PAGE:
Table of Contents
- Diminishing Returns of Insulation
- Return on Investment
- Performance of Thermal Envelopes
- Case Study
-How can I understand the law and principle of diminishing returns?
-What are the primary diminishing returns issues in building envelopes?
-What misconceptions persist about wall/insulation thickness and upgrades?
-What misconceptions persist about utility penetrations in the thermal envelope?
-What misconceptions persist about mismatched elements in the thermal envelope?
-What misconceptions persist about building envelope tightness and indoor air quality?
-What misconceptions persist about passive solar, in light of weak links and net benefits?
-What are the implications of a full understanding of diminishing returns of building envelopes?
Even though knowledge is the only instrument of production that is not subject to diminishing returns, the human mind too often ignores the concept in assumptions about scale. This deficiency leads to poor choices in many life circumstances, and it leads to notably egregious outcomes in the design and construction of buildings. Understanding the two related concepts of marginal analysis and opportunity costs would help grasp and effectively utilize the law of diminishing returns, but these are also too often ignored or misunderstood. It is impossible to evaluate diminishing returns without utilizing marginal analysis to calculate per-unit costs and benefits, at the margin, while scaling up. When applied to the building envelope, people embrace the logic that more is better; a heavier structure is stronger, and more insulation will reduce heat loss and energy use. Unfortunately, we too often fail to compare diminishing benefits against the cost of additional units, even when they approach negligible or negative benefit. Without marginal analysis, homeowners and designers keep bulking-up the building envelope until budget runs out, making no reasoned calculation of whether each additional unit to the envelope was worth adding.
If the concern is for long-term structural integrity, it would be very difficult to quantify with precision the additional benefit for each step up in structural heft. Fortunately, we do not need to consider those complexities, because building codes in the U.S. have evolved over time with practice, cases, and research to now mandate a minimum inspected standard that achieves indefinite life. As we outlined in Chapter 5, and supported with objective research and data, the code-compliant house is expected to serve an indefinite life, if constructed with quality and maintained effectively. Whether homeowners are concerned about outliving their homes, passing a valuable asset to their heirs, or assuring good stewardship in the use of all the materials and energy that went into constructing the home, they may rest assured that the code-compliant house structure in the U.S. meets or exceeds those objectives. An important exception is for homes that are located in areas of high risk to natural disasters, such as hurricane, tornado, or earthquake. In those regions, local building codes may still be evolving with what seems like new weather patterns and more fierce and frequent storms. For most Americans, however, the typical standard construction of 2×4 wood stud walls is adequate for long-term structural integrity, and adding further structure will be more costly (in dollars and embodied energy) than beneficial (in longevity); it will also quickly escalate costs that are unlikely to be appraised at constructed cost and included in financing. Given the realities of consumer demand, an upgraded structure is more likely to result in a real (inflation-adjusted) financial loss at resale, or a lower return on investment compared with a standard structure. In other words, there are decreasing returns to scale, and building codes mandate a minimum structure along the scaling-up arc that already exceeds a cost-benefit optimum.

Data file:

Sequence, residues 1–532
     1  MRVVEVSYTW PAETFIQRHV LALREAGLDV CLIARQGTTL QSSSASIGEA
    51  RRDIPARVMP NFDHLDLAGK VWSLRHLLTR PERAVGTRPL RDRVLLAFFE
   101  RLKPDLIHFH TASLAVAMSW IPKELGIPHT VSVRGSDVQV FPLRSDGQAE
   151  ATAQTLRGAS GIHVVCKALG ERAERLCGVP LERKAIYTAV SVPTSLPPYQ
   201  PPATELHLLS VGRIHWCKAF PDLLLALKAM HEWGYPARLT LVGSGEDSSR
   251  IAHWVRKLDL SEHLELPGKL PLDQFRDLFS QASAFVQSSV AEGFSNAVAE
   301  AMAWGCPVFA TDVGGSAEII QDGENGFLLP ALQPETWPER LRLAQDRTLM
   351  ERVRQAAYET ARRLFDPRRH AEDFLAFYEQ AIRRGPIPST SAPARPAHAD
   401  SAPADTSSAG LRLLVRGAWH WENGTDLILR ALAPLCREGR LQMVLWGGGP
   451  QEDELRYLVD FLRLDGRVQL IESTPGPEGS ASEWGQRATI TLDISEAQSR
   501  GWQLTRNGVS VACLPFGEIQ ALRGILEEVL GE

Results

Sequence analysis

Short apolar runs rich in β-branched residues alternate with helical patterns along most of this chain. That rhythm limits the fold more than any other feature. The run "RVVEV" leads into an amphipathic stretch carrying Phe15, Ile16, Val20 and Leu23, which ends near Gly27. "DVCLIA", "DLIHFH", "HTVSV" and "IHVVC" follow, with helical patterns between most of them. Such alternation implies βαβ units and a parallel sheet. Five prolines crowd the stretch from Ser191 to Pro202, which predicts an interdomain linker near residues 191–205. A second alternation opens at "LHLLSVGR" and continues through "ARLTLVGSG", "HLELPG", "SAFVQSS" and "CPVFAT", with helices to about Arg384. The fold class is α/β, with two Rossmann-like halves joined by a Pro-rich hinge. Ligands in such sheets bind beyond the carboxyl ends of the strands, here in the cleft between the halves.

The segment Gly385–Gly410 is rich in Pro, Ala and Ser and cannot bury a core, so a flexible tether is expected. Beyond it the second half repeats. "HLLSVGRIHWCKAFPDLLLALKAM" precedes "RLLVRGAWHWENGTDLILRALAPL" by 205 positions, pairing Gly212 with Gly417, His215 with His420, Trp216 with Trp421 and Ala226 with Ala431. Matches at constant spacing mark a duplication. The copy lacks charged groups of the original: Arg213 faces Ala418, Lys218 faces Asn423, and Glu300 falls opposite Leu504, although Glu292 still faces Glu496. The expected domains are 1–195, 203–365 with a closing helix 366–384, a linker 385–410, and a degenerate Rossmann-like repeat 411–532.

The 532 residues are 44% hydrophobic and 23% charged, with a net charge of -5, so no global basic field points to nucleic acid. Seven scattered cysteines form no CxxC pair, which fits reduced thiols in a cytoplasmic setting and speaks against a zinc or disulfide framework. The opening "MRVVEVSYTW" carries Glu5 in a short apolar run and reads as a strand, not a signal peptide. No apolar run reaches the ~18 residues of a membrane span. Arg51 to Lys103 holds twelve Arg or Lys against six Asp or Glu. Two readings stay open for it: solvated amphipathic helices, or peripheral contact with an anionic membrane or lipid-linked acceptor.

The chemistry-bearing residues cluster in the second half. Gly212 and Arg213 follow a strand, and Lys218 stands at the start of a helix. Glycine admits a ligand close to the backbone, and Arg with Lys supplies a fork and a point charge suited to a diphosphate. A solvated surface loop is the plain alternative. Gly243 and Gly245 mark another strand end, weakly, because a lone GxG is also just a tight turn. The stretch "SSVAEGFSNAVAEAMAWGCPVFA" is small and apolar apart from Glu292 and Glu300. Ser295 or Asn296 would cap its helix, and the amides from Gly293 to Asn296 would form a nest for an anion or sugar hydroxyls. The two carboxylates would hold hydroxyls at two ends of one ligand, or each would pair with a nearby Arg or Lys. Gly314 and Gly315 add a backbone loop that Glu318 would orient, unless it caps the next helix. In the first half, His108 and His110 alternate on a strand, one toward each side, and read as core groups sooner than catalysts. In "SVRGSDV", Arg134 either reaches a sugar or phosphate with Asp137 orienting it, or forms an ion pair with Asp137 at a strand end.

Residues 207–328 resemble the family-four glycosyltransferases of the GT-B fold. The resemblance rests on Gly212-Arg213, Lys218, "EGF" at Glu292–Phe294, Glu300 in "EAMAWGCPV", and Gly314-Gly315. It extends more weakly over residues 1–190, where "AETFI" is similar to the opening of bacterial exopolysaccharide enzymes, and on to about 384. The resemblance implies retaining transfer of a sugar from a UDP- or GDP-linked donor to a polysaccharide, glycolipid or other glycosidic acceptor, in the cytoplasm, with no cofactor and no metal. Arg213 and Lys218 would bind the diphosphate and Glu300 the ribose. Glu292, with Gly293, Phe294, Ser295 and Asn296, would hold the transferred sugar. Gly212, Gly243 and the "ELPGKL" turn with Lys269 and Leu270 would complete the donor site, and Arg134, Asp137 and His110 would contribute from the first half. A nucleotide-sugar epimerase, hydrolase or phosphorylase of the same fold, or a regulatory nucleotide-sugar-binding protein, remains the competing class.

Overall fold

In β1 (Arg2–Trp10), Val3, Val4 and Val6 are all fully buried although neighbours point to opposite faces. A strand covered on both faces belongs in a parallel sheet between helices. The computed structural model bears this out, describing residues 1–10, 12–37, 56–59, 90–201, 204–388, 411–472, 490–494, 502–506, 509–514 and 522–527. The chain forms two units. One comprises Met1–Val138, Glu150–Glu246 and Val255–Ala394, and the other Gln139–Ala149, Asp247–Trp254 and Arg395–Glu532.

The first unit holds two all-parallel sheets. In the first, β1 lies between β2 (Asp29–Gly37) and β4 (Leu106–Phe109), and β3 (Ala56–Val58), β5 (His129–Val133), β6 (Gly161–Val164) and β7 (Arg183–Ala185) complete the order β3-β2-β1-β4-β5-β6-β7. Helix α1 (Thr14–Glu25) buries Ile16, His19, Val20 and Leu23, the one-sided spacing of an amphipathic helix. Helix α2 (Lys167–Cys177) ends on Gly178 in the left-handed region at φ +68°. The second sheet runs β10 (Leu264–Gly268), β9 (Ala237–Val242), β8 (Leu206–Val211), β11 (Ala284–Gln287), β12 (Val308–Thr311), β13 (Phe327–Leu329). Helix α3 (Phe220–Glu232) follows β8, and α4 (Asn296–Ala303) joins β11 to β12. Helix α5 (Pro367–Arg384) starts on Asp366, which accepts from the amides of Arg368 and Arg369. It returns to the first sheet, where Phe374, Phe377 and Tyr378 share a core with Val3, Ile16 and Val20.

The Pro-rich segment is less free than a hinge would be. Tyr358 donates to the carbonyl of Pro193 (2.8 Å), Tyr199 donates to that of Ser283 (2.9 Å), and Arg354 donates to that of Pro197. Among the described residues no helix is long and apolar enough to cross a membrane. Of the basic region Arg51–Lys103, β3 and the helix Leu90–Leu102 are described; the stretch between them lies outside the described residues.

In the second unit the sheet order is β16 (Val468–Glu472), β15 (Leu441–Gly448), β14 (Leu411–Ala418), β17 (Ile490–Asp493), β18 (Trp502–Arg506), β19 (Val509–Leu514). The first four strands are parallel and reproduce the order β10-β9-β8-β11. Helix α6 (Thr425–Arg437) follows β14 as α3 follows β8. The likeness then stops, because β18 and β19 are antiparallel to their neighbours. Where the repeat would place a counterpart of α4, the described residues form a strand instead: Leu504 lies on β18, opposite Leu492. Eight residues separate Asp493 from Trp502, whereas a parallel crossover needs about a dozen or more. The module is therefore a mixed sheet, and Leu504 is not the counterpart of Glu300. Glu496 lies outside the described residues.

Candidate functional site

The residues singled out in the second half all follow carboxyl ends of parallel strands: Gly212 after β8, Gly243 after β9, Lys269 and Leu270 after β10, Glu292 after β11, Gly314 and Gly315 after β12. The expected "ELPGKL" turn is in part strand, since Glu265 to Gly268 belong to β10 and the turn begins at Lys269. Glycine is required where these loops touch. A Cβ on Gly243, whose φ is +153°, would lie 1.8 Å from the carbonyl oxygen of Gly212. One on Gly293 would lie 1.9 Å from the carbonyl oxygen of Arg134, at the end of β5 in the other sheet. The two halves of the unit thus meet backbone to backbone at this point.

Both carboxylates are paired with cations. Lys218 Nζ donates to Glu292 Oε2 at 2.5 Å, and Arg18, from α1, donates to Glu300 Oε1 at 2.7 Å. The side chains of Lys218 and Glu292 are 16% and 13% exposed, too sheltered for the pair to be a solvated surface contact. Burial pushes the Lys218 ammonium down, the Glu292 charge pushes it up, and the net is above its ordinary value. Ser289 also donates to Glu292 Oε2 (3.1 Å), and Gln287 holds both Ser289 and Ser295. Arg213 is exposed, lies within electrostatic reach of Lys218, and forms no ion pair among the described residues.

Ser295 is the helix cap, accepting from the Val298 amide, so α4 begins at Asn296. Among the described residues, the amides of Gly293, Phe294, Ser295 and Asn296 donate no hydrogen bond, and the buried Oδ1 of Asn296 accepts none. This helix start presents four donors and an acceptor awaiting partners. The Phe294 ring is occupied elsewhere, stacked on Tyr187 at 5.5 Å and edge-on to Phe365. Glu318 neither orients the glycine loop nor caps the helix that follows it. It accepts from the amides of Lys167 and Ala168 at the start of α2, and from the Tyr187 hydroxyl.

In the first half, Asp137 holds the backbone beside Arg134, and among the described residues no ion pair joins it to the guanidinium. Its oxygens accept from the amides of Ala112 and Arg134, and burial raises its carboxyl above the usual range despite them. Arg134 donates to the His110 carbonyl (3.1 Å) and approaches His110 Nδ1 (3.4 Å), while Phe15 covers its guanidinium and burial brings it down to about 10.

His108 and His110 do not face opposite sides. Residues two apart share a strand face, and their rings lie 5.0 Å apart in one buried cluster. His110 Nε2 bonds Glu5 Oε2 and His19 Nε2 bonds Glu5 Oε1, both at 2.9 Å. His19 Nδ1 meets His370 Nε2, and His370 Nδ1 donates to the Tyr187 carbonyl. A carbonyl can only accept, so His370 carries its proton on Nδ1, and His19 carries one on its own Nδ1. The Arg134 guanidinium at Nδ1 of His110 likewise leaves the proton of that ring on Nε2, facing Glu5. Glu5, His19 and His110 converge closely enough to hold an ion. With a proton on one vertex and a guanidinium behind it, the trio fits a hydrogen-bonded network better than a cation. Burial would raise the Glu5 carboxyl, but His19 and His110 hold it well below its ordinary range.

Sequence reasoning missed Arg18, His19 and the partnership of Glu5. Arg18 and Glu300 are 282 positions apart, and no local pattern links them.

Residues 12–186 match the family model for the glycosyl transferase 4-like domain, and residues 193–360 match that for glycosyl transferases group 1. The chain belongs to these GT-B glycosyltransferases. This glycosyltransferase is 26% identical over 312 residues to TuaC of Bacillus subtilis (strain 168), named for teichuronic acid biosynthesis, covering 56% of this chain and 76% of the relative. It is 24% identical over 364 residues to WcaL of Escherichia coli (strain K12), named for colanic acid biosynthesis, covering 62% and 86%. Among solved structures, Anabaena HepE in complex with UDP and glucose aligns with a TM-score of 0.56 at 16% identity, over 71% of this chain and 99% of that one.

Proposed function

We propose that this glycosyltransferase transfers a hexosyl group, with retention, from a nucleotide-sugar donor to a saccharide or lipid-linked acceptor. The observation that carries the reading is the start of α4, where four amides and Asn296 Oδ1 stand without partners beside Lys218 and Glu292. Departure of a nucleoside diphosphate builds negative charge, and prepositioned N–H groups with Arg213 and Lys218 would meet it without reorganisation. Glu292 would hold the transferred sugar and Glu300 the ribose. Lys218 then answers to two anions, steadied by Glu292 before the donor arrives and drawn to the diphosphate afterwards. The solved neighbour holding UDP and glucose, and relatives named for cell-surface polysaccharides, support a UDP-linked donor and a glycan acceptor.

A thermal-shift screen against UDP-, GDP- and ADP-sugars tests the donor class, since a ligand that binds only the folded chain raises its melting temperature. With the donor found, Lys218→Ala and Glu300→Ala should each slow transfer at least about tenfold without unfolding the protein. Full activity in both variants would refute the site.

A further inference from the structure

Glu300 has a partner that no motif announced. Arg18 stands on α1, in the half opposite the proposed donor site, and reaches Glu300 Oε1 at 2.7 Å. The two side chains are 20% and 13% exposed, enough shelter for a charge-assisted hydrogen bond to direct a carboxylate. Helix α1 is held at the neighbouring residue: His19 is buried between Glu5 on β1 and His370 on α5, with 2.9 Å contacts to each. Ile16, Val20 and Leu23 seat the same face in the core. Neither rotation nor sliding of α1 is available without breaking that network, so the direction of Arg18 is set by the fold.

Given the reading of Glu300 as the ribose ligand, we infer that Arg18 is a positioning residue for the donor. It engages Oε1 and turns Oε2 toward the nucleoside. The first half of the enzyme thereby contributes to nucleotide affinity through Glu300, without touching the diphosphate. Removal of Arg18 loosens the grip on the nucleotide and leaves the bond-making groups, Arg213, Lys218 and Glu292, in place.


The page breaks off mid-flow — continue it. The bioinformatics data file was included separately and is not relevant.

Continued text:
Diminishing Returns of Insulation
If the concern about the building envelope is reducing heat loss and energy use, the following paired graphics are instructive on the diminishing returns of insulation. The image on the left is the effectiveness profile of insulation in resisting heat transfer, or heat loss. The image on the right takes the data from the performance profile and shows more intuitively how insulation resists heat transfer/loss across the full thickness of material. The right-side image could be considered a cross-section of insulation in a wall cavity during heating season, with the warmth of interior air from the left being lost or transfered through the insulation to cooler outside temperatures to the right.